We will now explore the product features that give rise to winning in crypto treasuries across the different customer segments above in #A.
Typically, corporate treasuries have been won in the following ways:
- Dedicated Accounting/Payroll Software
In Traditional Fintech, we have recently seen the emergence of the following features to win Treasury Mindshare
- Corporate Credit Cards/Expense Management
- And discuss the unique Web3-native aspect of Stablecoins
Summary of Right to Win — If I were to build a crypto treasury company, what features can I first build-out to appeal to which customer segments?
TradFi: Custody would appear to be the most obvious and easiest way to own the treasuries space. Banks are the most obvious example of how they became the main interfacing layer between Financial Institutions and their crypto treasuries. All SMB neobanks fundamentally see being able to be the primary deposit account for SMBs as the holy grail for trust and thus being the IoS of Finance. Most TradFi Fintechs try to focus on improving the user experience of opening or navigating the banking experience.
Crypto: Similarly in crypto, and exchanges like Kraken, Coinbase, and Matrixport were able to quickly be the main interfacing layer between Financial Institutions and their crypto treasuries. Although the primary use case of exchanges was to trade assets, many of these exchanges also became the de-facto custodians for financial institutions.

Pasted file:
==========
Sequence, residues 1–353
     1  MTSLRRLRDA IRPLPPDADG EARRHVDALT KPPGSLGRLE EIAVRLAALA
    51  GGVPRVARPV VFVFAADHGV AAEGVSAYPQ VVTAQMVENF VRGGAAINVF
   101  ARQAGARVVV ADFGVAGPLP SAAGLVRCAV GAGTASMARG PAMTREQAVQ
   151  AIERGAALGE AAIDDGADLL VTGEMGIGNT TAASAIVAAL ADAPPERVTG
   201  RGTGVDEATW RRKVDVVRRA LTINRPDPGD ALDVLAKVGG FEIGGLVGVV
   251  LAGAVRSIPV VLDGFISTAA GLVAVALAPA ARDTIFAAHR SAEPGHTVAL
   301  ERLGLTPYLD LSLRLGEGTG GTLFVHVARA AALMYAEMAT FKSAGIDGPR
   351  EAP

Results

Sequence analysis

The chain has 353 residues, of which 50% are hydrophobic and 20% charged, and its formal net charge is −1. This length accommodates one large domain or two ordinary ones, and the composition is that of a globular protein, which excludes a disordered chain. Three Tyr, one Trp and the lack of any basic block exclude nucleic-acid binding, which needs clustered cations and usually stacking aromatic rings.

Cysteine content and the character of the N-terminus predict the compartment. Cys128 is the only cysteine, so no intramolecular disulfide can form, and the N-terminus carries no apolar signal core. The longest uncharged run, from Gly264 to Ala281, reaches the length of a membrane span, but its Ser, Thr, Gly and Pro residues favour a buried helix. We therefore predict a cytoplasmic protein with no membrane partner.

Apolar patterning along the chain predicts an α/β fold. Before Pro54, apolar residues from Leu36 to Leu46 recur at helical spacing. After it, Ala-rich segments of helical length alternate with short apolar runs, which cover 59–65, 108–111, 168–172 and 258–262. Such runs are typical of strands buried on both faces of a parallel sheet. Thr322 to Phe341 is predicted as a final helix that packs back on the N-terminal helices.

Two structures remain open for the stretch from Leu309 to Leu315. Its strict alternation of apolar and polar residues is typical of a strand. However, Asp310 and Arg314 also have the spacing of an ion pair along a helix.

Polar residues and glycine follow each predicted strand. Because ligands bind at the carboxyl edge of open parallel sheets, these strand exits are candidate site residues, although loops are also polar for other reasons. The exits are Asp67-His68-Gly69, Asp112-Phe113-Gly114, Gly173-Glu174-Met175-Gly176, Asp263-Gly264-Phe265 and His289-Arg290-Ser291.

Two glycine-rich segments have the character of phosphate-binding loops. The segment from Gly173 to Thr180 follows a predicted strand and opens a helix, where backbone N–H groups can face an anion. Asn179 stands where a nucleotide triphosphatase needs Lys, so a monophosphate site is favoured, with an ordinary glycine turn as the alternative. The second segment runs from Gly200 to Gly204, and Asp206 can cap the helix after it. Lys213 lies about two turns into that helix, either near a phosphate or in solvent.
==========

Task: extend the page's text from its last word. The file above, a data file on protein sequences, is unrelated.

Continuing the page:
Even non-custodial solutions like hardware wallet companies, solving the problem of custody, found themselves in a great position to upsell enterprise treasury solutions. Ledger, for example, built out the Ledger Enterprise software solution off the back of its hardware cold wallet solution.
Hypothesis of Opportunity: Custody is a well-understood process and an obvious wedge. We have seen treasury management solutions emerge naturally from custodians in both TradFi and Crypto, and should continue to see them as being able to win the lion’s share of the treasury management space.
Dedicated Accounting/Payroll SaaS
TradFi: Dedicated Accounting Software can range from the expected — from leveraging Microsoft/Oracle/Kyriba/Novantas — to the unexpected — with players like Khatabook and Bukukas leveraging simple accounting software to win over SMBs.
Crypto: Dedicated Accounting infrastructure is still relatively new but an obvious pain point. Companies like Multis, Utopia, Coinshift, Gilded Finance are trying to build accounting and payroll offerings for crypto-native treasuries.
Hypothesis of Opportunity: Starting with payroll, we are starting to see nuances in crypto accounting SaaS development. Just as payroll (especially for crypto native companies where labor is typically the main costs) was the natural wedge product for most TradFi fintechs to break into corporate treasury management, crypto payroll has represented the most obvious wedge product to first solve. Taking inspiration from Tradfi treasury management plays, other product vectors that are emerging will likely include treasury risk analytics, liquidity management for incentive programs, tax and audit analytics, and account receivable management. More financially focused generally applicable analytics like tax and risk analytics would be more broadly appealing to all segments of potential customers (e.g. traders, tradfi and crypto-native companies).